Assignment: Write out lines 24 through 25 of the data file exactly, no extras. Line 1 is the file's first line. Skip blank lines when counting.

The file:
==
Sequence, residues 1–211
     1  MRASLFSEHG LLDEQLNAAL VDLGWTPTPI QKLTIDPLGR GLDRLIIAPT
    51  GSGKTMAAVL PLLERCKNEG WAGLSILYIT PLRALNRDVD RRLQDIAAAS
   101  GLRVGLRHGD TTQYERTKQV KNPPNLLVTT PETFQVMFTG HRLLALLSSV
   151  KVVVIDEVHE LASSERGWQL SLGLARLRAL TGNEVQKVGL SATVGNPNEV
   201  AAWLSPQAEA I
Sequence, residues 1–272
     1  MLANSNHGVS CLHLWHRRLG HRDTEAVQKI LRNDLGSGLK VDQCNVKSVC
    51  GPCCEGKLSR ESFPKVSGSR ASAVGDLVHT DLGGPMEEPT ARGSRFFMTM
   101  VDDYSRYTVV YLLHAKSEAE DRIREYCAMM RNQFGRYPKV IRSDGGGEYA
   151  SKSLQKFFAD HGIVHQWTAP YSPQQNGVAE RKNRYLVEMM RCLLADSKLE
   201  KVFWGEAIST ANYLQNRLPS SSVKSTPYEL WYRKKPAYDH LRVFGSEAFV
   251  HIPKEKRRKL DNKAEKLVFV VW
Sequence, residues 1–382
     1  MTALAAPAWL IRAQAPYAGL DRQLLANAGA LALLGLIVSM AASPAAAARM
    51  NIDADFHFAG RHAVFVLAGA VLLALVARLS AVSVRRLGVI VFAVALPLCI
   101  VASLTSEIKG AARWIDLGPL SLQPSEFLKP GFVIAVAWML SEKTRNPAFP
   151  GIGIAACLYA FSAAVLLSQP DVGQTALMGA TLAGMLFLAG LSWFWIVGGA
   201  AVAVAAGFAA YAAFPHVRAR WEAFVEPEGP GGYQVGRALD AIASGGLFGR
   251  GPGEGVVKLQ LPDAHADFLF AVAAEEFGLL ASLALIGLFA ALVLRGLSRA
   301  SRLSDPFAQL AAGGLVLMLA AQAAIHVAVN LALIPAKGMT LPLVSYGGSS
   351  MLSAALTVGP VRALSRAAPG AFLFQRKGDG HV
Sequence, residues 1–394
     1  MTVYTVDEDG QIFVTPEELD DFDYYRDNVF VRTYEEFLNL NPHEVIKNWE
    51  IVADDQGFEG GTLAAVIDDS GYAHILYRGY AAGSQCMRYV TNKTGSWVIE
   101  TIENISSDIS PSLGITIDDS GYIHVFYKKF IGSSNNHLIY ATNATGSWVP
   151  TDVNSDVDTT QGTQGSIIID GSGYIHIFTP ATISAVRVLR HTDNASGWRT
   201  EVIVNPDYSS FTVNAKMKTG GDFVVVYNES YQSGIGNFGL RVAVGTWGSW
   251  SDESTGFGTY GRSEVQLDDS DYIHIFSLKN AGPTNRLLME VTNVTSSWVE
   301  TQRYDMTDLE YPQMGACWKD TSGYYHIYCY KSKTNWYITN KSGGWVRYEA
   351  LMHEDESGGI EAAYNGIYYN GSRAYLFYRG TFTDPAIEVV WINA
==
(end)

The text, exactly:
     1  MTVYTVDEDG QIFVTPEELD DFDYYRDNVF VRTYEEFLNL NPHEVIKNWE
    51  IVADDQGFEG GTLAAVIDDS GYAHILYRGY AAGSQCMRYV TNKTGSWVIE